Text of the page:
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Illegal Rodenticide in United States
This article was published originally on 7/11/2003
A Chinese rodenticide or rat poison containing tetramethylenedisulfotetramine, also known as TETS, has been illegally imported into the United States. TETS is an odorless, tasteless white powder that is a highly lethal neurotoxin. TETS is not registered by the U.S. Environmental Protection Agency for use in the United States, and its importation, manufacture, and use in the United States is illegal. TETS has been banned for sale since the mid-1980s but is still widely available in China. Cases of poisoning, both intentional and accidental, have been reported in China. Recently, though, an infant in New York City was poisoned by TETS that the parents brought back from China.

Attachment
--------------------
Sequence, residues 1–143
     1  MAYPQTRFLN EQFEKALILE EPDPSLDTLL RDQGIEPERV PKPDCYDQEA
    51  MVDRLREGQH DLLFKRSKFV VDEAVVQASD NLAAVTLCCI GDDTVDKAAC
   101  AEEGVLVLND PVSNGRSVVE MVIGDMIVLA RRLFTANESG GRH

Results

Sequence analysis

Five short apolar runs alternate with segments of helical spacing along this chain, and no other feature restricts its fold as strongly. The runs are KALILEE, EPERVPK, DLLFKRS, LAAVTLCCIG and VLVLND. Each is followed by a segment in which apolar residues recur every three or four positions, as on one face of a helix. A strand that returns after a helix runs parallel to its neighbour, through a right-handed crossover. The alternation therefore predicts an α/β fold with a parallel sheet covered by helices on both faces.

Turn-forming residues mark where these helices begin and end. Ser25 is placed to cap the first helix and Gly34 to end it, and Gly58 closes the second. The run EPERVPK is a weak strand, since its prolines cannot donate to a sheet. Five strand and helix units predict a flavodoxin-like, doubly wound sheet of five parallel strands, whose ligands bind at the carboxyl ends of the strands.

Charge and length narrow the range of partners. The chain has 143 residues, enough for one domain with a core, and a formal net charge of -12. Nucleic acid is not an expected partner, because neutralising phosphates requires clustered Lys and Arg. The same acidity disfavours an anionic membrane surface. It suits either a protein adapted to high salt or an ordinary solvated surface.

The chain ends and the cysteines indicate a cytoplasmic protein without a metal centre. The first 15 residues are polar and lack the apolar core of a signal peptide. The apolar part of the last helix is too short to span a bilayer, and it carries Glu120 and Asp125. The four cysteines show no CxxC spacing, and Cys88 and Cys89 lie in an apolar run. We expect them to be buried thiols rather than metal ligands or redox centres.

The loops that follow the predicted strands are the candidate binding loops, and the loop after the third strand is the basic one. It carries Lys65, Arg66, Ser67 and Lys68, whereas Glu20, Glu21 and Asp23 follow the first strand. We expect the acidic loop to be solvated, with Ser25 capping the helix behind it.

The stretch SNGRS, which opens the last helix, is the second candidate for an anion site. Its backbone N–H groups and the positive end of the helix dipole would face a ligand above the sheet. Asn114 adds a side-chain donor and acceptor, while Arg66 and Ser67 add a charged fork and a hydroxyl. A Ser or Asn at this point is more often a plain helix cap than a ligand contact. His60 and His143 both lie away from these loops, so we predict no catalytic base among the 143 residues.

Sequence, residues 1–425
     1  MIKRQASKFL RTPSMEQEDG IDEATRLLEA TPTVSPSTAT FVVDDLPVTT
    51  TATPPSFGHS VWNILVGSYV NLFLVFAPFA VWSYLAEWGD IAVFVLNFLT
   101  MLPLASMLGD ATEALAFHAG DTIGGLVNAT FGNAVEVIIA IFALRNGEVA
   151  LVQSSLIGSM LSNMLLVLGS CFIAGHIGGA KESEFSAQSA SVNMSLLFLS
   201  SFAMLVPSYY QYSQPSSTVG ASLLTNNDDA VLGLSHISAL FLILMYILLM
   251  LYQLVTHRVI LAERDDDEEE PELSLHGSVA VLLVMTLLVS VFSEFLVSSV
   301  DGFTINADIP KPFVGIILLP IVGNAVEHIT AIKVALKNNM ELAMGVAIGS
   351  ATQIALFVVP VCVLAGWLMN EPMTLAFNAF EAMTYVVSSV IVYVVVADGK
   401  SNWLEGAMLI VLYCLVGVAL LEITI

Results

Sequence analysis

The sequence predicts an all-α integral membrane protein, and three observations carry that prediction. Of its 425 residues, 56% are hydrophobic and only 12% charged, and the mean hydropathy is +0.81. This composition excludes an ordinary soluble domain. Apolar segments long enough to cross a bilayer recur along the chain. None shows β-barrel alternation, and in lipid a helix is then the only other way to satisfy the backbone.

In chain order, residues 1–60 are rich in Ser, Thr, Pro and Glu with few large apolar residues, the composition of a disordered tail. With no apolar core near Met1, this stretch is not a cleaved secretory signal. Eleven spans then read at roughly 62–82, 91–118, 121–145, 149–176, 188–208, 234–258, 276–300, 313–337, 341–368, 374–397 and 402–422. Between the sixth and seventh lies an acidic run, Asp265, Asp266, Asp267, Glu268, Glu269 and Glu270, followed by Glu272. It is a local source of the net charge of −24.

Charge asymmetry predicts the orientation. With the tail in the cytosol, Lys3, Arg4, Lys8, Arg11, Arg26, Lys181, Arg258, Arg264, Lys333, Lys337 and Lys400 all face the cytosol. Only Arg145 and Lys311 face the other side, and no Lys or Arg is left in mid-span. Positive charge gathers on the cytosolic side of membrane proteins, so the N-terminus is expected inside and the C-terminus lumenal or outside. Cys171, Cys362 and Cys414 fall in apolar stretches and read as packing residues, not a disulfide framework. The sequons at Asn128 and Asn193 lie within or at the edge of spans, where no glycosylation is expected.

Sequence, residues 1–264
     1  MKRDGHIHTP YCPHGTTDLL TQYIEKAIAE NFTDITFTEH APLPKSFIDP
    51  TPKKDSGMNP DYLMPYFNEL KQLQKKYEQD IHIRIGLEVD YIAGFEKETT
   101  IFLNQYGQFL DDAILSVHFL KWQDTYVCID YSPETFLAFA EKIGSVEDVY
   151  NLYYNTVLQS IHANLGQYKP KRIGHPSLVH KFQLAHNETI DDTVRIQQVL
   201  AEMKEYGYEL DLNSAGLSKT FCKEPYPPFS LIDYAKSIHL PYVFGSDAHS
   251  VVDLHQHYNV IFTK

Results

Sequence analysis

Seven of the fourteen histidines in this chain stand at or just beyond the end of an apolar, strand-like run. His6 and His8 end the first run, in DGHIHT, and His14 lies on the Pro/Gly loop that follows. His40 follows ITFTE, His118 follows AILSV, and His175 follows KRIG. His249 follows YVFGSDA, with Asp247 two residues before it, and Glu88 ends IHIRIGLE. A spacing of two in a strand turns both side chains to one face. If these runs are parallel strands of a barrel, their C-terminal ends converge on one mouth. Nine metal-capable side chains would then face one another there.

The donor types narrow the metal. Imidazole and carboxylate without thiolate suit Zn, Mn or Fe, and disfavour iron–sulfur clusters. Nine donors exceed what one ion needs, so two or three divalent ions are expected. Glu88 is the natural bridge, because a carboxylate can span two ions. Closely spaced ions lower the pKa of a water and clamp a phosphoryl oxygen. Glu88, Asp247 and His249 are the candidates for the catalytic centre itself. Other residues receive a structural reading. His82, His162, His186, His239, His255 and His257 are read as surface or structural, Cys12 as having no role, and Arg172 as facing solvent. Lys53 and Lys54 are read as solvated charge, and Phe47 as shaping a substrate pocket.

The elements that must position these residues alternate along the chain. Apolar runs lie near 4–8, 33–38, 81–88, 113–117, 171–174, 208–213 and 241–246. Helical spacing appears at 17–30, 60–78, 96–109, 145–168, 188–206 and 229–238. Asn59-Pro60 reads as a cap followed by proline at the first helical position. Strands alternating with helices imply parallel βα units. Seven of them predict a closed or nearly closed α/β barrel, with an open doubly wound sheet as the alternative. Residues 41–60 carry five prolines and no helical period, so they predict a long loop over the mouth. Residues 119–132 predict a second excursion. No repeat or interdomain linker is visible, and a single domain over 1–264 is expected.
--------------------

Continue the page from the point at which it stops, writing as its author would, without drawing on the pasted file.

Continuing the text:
Signs and symptoms of TETS poisoning include refractory seizures, coma, and ischemia. Severe poisoning is usually fatal within 3 hours. Symptoms can begin within 30 minutes to 13 hours after exposure. The substance is most hazardous through ingestion. As little as a pinch can be fatal. Inhalation also could lead to ingestion because the material can be absorbed by mucus membranes. Skin contact is not as hazardous but should be avoided. There is no proven antidote for TETS poisoning.
Suspected TETS products should be reported to local HAZMAT authorities. If exposed immediately follow emergency procedures and contact Universal Poison Control Center at 800-222-1222.
Information from the U.S. Environmental Protection Agency www.epa.gov via Ag-Security Alerts.
Year of Publication:
IC-489(17) -- July 11, 2003